After a four-week trial at the Old Bailey, el-Faisal was found guilty by a jury of six men and six women on 24 February 2003 of: (a) three charges of soliciting the murder of Jews, Americans, Hindus, and Christians; and (b) two charges of using threatening words to stir up racial hatred, in tapes of speeches to his followers.[2] He was the first Muslim cleric to be tried in the UK.[4]

Taped lectures

In tapes of lectures he had given, he exhorted Muslim women to buy toy guns for their children, to train them for jihad.[2] El-Faisal tried to recruit British schoolboys for Jihad training camps, promising them "seventy-two virgins in paradise" if they died fighting a holy war. El-Faisal said "Those who want to go to Jannah [paradise], it's easy, just kill a Kaffar [unbeliever] ... by killing that Kaffar you have purchased your ticket to paradise."[2] He suggested killing non-Muslims like "cockroaches."[38]

On one tape, titled "Jihad", he said: "Our methodology is the bullet, not the ballot."[2] In a tape called "Rules of Jihad", thought to have been made before the 9/11 attacks, he said: "You have to learn how to shoot. You have to learn how to fly planes, drive tanks, and you have to learn how to load your guns and to use missiles. You are only allowed to use nuclear weapons in that country which is 100% unbelievers." He encouraged the use of "anything, even chemical weapons," to "exterminate non-believers."[2] A picture of the burning World Trade Center was on the cover of one recording.[39]

He lectured: "You can go to India, and if you see a Hindu walking down the road you are allowed to kill him and take his money, is that clear, because there is no peace treaty between us."[2] He also suggested that power plants could use the dead bodies of Hindus as fuel.[40] "Jews," el-Faisal said, "should be killed ... as by Hitler." He said: "People with British passports, if you fly into Israel, it is easy. Fly into Israel and do whatever you can. If you die, you are up in paradise. How do you fight a Jew? You kill a Jew. In the case of Hindus, by bombing their businesses."[41]

During the trial, he denied he had intended to incite people to violence. He also testified that he had held Osama bin Laden in "great respect," but that bin Laden had "lost the path" since 11 September.[42]

Sentencing and appeal

El-Faisal was sentenced on 7 March 2003 to nine years in prison.[43] He received seven years for soliciting murder, 12 months to run concurrently for using threatening words with intent to stir up racial hatred, and a further two years (to run consecutively) for distributing threatening recordings with intent to stir up racial hatred. Old Bailey judge Peter Beaumont delivered the sentence. He said el-Faisal had "fanned the flames of hostility", and told him: "As the jury found, you not only preached hate, but the words you uttered in those meetings were recorded to reach a wider audience. You urged those who listened and watched to kill those who did not share your faith."[4] The judge suggested that el-Faisal serve at least half his sentence, and then be deported.[44]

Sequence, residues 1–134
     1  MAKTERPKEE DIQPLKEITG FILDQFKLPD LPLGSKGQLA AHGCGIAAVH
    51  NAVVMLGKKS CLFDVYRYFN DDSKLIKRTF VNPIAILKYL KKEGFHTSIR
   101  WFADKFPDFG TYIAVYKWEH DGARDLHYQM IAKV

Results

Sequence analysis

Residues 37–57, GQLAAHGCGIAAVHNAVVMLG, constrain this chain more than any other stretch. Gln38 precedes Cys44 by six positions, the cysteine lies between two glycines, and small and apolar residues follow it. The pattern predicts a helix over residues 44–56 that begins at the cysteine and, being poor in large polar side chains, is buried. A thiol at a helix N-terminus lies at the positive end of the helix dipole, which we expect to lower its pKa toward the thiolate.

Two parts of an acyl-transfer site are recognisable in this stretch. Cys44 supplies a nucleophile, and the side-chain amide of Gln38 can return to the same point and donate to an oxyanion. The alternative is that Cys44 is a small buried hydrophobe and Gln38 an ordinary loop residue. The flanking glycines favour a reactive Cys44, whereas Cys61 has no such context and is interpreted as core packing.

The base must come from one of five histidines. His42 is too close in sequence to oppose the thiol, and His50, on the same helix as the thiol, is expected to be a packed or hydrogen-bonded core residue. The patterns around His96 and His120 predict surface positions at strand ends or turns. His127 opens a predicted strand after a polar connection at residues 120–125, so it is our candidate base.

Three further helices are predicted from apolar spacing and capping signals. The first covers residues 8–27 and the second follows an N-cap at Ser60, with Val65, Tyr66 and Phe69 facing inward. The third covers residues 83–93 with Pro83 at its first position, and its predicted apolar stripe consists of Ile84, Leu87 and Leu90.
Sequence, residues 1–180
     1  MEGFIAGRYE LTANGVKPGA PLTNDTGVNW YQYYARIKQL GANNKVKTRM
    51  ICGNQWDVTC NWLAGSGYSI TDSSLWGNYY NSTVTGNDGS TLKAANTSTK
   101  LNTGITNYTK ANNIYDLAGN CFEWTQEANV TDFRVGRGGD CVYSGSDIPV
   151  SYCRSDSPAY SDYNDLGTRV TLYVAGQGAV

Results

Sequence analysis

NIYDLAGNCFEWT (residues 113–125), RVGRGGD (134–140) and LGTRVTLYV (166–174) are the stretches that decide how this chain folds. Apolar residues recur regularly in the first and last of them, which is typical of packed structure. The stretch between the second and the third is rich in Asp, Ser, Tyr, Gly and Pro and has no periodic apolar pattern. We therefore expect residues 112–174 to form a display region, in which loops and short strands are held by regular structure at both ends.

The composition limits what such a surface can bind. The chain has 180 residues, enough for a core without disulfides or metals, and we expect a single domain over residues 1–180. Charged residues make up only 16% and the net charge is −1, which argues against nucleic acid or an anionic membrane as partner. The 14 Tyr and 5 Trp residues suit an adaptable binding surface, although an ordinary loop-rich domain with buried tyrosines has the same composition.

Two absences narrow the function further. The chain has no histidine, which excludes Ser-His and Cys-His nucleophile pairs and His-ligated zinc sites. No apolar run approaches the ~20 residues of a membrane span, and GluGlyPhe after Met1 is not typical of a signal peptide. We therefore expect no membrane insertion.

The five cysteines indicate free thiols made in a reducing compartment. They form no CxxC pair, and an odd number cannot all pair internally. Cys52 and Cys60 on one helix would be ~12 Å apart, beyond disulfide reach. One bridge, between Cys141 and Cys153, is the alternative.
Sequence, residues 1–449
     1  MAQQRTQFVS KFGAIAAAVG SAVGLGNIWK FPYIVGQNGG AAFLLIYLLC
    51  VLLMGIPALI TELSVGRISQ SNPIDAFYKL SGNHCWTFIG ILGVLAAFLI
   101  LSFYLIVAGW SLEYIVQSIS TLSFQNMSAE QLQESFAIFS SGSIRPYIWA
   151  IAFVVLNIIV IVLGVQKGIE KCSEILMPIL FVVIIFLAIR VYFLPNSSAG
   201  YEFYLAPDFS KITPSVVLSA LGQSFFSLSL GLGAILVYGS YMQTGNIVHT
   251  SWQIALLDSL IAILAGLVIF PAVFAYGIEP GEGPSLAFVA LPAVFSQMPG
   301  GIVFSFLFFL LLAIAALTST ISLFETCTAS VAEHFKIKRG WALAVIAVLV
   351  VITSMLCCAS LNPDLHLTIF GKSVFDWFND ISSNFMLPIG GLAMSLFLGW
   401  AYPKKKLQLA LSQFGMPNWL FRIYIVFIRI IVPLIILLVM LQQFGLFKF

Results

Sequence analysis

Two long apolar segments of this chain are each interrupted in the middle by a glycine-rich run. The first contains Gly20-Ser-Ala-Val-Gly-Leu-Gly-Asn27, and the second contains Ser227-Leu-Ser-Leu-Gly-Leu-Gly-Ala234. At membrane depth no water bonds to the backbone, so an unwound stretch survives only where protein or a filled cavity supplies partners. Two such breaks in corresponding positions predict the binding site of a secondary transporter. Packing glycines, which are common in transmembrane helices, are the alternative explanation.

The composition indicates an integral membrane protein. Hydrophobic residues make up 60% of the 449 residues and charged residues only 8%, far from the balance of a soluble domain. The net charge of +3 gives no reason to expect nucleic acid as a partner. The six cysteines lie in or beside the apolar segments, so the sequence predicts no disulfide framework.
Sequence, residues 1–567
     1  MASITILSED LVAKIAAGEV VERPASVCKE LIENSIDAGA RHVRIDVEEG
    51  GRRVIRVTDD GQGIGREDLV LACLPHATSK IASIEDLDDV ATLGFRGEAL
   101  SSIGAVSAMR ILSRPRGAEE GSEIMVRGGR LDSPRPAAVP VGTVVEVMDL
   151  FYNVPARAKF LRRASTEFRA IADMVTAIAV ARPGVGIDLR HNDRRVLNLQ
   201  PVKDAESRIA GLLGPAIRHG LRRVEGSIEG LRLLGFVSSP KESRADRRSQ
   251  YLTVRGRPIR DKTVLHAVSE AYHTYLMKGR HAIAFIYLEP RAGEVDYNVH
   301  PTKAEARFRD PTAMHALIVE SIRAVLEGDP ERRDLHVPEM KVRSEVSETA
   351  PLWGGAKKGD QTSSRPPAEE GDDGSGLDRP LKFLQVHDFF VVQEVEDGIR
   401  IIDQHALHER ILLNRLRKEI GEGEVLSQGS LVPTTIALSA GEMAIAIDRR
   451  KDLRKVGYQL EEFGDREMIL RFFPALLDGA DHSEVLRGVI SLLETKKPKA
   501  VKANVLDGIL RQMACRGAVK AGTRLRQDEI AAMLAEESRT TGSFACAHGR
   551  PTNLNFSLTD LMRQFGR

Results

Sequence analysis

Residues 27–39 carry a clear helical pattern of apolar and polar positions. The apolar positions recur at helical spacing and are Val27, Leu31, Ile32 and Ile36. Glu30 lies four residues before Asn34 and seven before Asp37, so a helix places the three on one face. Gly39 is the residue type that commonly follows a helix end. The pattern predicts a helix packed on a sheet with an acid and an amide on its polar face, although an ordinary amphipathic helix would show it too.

On 17 February 2004 el-Faisal lost an appeal of his conviction.[2][45] While in prison, he attempted to improve conditions, saying: "if you're a cleric, you have to set an example for other Muslim prisoners to follow, and you're not supposed to crack under pressure."[46] He ended up serving four years.

Followers: 9/11 plotter, Richard Reid, 7/7 and Flight 253 bombers

Prosecutors said he preached to 2001 shoe bomber Richard Reid and 9/11 plotter Zacarias Moussaoui.[40]

In addition, two of the four accused 2005 7/7 suicide bombers, Muhammad Sidique Khan, responsible for the Edgware Road blast that killed 6 people, and Jamaican-born Briton Germaine Lindsay, responsible for the blast that killed 26 people at King's Cross tube station, were followers of El-Faisal.[47][48] In an interview with the BBC in June 2008, he admitted knowing Germaine Lindsay but insisted he had not radicalized him.[49][50]

In a May 2005 online posting under the name "farouk1986," Umar Farouk Abdulmutallab, the suspected Christmas Day 2009 Flight 253 bomber, referred to El-Faisal, writing: "i thought once they are arrested, no one hears about them for life and the keys to their prison wards are thrown away. That’s what I heard sheikh faisal of UK say (he has also been arrested i heard)."[51]